There is a different use of the word spur (definition 2)  that I'd like to discuss in the rest of the piece.  It is social conscience.  You see that spur providing motivation for certain high profile individuals, Diane Ravitch for example.  As interesting as her singlehandedly taking on the new Education establishment is, I find it more interesting to focus on the tenets of that social conscience.   What set them?  For what purpose do they exist?

I am now reading The Lost Promise of Progressivism.  I took a course at Cornell in the mid 1970s on American Political Thought.  It was taught by the author of the book, Eldon Eisenach.  Somehow there was a different spur inside me then to get at the root of these questions.  I was interested in political science more for the ideas that played a role in the background than for the rough and tumble of the current American politics.  (Between the Presidencies of Johnson and Nixon, the Watergate Hearings had recently concluded, I had my fill of the rough and tumble part.)  I am still extraordinarily interested in the ideas.  Eisenach's book has been an eye opener and a pleasure to read.

The core issue that underlies everything else in the book is whether the Declaration of Independence and The Constitution are "the Bible" from which all other American social ethics are derived or if Abramham Lincoln and the Civil War changed that, with a newer conception of "the Bible" necessary.  Eisenach refers to the former view as a rights-based approach and the latter view as nationalism.  The Progressivist thinkers who are the focus of this book advocated for nationalism as primary and did so based on a notion of American exceptionalism.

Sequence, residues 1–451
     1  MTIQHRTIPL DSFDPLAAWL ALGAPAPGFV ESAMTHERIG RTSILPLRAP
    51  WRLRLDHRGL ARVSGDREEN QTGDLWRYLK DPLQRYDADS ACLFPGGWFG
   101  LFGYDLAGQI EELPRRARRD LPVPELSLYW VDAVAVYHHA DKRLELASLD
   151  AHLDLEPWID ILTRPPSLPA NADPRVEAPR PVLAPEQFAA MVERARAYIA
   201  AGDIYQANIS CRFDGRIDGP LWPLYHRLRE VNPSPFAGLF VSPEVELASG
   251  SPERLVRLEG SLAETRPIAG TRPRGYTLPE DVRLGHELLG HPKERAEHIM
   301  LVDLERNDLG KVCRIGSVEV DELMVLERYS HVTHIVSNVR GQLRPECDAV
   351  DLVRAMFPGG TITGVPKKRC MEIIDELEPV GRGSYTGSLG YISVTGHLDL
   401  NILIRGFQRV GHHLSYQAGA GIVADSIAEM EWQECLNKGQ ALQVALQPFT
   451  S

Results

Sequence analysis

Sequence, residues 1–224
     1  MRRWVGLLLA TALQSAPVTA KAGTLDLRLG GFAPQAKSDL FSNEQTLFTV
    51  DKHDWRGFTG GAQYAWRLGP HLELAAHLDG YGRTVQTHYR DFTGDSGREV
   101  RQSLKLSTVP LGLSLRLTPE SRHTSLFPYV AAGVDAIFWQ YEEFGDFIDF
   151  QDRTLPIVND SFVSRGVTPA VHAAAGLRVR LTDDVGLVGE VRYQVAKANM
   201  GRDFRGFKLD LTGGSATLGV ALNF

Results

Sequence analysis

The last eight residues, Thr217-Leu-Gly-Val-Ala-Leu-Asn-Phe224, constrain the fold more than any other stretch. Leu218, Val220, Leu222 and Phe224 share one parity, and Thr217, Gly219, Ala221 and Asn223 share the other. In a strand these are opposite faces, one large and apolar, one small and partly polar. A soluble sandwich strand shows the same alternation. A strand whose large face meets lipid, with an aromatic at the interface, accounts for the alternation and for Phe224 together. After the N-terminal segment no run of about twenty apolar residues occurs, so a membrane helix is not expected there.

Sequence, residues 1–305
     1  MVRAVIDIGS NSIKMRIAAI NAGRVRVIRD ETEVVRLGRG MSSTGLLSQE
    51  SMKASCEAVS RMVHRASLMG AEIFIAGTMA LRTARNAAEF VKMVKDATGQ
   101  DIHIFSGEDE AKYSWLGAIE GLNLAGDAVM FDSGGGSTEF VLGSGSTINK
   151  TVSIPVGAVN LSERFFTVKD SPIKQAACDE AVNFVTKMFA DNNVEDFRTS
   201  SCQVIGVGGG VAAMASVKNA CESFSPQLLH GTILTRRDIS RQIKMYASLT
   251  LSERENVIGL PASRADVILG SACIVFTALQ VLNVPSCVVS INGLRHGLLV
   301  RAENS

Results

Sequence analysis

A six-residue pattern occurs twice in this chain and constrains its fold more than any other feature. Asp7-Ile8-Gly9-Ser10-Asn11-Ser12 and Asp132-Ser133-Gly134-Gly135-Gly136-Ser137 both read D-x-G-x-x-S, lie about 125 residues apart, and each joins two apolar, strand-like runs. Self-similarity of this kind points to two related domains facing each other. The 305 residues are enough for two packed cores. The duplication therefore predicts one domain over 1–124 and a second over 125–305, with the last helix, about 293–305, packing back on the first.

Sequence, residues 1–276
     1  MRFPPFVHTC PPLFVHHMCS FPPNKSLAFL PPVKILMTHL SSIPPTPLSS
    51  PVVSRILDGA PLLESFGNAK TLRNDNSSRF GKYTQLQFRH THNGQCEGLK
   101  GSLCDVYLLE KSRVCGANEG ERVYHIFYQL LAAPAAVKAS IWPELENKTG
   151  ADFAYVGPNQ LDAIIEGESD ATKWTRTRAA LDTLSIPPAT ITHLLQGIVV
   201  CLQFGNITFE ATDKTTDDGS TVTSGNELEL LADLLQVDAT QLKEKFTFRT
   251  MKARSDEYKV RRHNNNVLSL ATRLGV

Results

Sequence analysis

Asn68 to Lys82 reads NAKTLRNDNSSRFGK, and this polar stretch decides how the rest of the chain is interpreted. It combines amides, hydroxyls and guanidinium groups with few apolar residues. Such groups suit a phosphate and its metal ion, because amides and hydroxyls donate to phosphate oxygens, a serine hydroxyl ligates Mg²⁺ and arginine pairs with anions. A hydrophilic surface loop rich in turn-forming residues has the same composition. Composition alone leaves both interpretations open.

Yesterday I read the chapter on public opinion.  It talks about a kind of intellectual noblesse oblige where the Progressivist thinkers would shape the ethos that would drive the the various institutions which were the backbone of the nation.  These institutions, in turn, served as more direct prods for ordinary people.  One point that comes through the book loud anr clear is that these thinkers were for the most part Evangelical Christians, but of a liberal kind.  The social ethic they advocated for was to them an American Religion, with its principles stemming directly from liberal Christian thinking.  In doing some background reading for this piece I found an essay, Calvin and American Exceptionalism, which appears to make Eisenach's analysis spot on.  In this sense Progressivism was the Puritan concept of the City on a Hill, updated for the early twentieth century.  That observation nonetheless, the ethics are not immediate.  They derive from a thoughtful working through of the implications from that image.  This is why there needs to be an intellectual elite to shape them.